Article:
Welcome to the second part of our series on cloud computing. (See part one here.) With more businesses using cloud computing, it’s essential to customize and optimize your network so that it’s right for the services you want to run.
In the last article we looked at the bottom layer of the cloud computing pyramid which was infrastructure as a service (IaaS) – the outsourcing of hardware needs. Now it’s time to look at the middle tier of the pyramid. You might hear some people call it middleware but more commonly these days it’s called platform as a service (PaaS).
PaaS can be a bit confusing, because it seems to overlap with IaaS, at least according to Techtarget:
Platform as a Service (PaaS) is a way to rent hardware, operating systems, storage and network capacity over the Internet. The service delivery model allows the customer to rent virtualized servers and associated services for running existing applications or developing and testing new ones.
The National Institute of Standards and Technology (NIST) explains it a little differently:
The capability provided to the consumer is to deploy onto the cloud infrastructure consumer-created or acquired applications created using programming languages, libraries, services, and tools supported by the provider. The consumer does not manage or control the underlying cloud infrastructure including network, servers, operating systems, or storage, but has control over the deployed applications and possibly configuration settings for the application-hosting environment.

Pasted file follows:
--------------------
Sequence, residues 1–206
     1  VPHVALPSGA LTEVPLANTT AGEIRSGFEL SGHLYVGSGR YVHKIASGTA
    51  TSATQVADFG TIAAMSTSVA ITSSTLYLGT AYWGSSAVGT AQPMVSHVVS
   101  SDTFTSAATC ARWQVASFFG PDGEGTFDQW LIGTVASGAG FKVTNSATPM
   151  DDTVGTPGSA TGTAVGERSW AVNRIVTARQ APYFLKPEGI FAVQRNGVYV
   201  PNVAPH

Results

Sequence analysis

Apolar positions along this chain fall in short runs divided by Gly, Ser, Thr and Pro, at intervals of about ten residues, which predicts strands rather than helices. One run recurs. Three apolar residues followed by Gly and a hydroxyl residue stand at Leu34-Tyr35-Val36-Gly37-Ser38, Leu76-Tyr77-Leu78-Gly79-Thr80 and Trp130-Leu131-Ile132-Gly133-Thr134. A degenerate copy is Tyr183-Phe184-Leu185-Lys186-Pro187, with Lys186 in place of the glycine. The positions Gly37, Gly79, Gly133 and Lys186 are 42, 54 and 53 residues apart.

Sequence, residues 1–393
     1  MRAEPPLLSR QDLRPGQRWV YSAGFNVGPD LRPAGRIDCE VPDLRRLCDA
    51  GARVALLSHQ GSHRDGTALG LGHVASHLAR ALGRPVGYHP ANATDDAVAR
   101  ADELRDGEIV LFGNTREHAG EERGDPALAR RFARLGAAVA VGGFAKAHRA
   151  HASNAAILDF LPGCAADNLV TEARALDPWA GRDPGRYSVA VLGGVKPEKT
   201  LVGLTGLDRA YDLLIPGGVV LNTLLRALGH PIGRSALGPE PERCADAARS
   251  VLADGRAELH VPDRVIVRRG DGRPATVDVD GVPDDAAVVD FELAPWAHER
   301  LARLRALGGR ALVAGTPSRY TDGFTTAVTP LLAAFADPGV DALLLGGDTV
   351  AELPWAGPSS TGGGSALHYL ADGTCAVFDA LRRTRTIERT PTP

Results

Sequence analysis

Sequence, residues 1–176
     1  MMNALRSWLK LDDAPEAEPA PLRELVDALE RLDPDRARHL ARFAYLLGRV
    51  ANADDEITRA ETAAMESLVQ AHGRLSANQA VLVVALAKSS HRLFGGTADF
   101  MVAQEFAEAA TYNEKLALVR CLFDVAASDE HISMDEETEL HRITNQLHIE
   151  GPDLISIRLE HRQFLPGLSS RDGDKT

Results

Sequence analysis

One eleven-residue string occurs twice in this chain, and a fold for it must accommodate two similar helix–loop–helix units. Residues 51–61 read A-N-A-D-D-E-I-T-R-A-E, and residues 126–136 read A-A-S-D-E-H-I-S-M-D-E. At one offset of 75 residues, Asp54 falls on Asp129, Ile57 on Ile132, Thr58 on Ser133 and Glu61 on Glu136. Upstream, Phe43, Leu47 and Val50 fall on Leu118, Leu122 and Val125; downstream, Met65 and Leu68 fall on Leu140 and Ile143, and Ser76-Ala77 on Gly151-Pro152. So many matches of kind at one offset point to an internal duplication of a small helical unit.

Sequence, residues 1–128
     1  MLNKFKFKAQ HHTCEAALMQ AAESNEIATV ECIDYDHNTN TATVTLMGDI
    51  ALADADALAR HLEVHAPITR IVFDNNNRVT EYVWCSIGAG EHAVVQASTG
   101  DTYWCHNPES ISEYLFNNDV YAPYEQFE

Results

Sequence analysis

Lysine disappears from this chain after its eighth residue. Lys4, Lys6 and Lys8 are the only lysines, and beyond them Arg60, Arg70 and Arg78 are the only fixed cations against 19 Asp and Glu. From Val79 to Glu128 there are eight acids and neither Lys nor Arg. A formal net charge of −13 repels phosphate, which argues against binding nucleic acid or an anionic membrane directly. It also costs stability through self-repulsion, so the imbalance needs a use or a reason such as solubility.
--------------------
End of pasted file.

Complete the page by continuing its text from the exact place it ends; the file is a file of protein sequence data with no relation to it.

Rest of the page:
In a nutshell, PaaS lets you use outsourced solutions for creating and using web applications without having to buy and maintain the underlying software and infrastructure. PaaS vendors create programming languages on servers and give developers access to them. Offerings from a PaaS vendor might include providing commercial servers and operating systems, and it will certainly include platforms for the hosting, development and design of applications (such as Microsoft Azure, Amazon Web Services and others), managing web applications, storage and security. All PaaS options work within the browser, so there is no need for complex interfaces. If you are moving to the cloud, this makes it easier to create network and other applications for your business.
How Can IT Admins Use PaaS?
If you want to develop software for a particular platform, using PaaS tools designed for that platform makes sense. And PaaS also works well for collaborative development, except in cases where portability is more important than the platform. The need to use proprietary application languages can also be a contraindication, says Rackspace. PaaS can help IT administrators test applications, create Web-based user interfaces, use a common core for integrating databases in different web services and collaborate with other members of the development team via project management and communication tools. PaaS can also help you get your network ready for the hybrid cloud, says Mauricio Rojas,CTO of K10 Networks.
PaaS: Pros and Cons
PaaS has one major disadvantage: developers may be limited to the tools provided for particular platforms and may be locked into that platform as a result. That might make it difficult to change PaaS providers later. However, PaaS deployments offer flexibility and security as well as a major business advantage to PaaS – developers have to do less coding and therefore development of business applications takes less time, which means you can get to market quicker.
- Pizza as a Service: On Prem, IaaS, PaaS and Saas Explained
- Understanding the Cloud Computing Stack: SaaS, PaaS, IaaS
- To PaaS or to IaaS, THAT is the Question!
Learn how Lumos can prepare your network for cloud computing and PaaS.